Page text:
Late Returns, Late Wife


The U.S. District Court for the Western District of Louisiana held that a taxpayer could use the married filing jointly status on delinquent tax returns for the five tax years preceding the year his spouse had died. The government unsuccessfully argued that joint status was available only for the year of his spouse’s death.

Generally, a husband and wife may elect to file a joint tax return if they have the same tax year and both are U.S citizens or residents. If one spouse dies, section 6013(a)(3) allows the surviving spouse to file a joint return with the deceased spouse if no return has been filed for the taxable year by the deceased spouse, no executor has been appointed, and no executor is appointed before the last day a return can be filed by the surviving spouse. Treas. Reg. § 1.6013-1(d)(3) provides an example where a surviving spouse could file a joint return for 1956 and 1957 as long as the death of the other spouse in 1957 occurred before the due date of the 1956 return, assuming the other conditions of section 6013(a)(3) were met.

Donald Vidalier and his wife did not file income tax returns for the years 2000 through 2005. Vidalier’s wife died on Dec. 12, 2005, and after filing a Chapter 13 bankruptcy petition in 2006, Vidalier filed delinquent joint returns for all years. The IRS permitted the joint status for 2005 but not for the other years and adjusted his bankruptcy liabilities based on the married filing separately status. Vidalier objected, but the bankruptcy court agreed with the IRS, so he appealed the decision.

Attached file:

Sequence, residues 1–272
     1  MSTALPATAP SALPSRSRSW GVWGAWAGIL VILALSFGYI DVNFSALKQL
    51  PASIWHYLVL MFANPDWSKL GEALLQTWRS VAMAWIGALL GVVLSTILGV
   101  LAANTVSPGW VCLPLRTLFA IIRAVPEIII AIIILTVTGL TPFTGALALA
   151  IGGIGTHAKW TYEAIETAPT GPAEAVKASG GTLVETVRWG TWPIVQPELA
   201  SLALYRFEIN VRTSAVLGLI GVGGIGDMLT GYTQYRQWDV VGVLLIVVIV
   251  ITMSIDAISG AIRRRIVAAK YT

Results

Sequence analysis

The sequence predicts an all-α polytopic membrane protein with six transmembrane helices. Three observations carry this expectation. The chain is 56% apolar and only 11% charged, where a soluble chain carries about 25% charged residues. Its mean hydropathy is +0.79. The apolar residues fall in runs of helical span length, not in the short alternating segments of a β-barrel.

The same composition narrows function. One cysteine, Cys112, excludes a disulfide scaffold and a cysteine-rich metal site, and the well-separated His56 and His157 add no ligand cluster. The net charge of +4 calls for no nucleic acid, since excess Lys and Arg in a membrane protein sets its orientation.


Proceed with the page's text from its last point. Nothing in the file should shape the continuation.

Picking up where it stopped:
The government argued that when Congress used the phrases “the joint return” and “the taxable year” (emphasis added) in section 6013(a)(3), it intended to limit the ability of a surviving spouse to file a joint return to only the year of the other spouse’s death, and the joint status is not permitted on delinquent returns for previous years. It also argued that the application of Treas. Reg. § 1.6013-1(d)(3) would allow Vidalier to file a joint return only for 2005, since his wife died after the due date for the 2004 return. The district court rejected these interpretations, citing Friedman v. Commissioner (TC Memo 1987-6), in which the Tax Court permitted joint status on returns for 1977 and 1978 filed in 1981, even though the taxpayer’s spouse had died in 1978. It stated the section 6013(a)(3) requirements are applied to each year in question and are not limited to only one year. Since Vidalier met all of the requirements of section 6013(a)(3) for each year, the court stated the joint status was permissible.

n Donald James Vidalier v. U.S., 102 AFTR2d 2008-6076

By Charles J. Reichert, CPA, professor of accounting, University of Wisconsin–Superior


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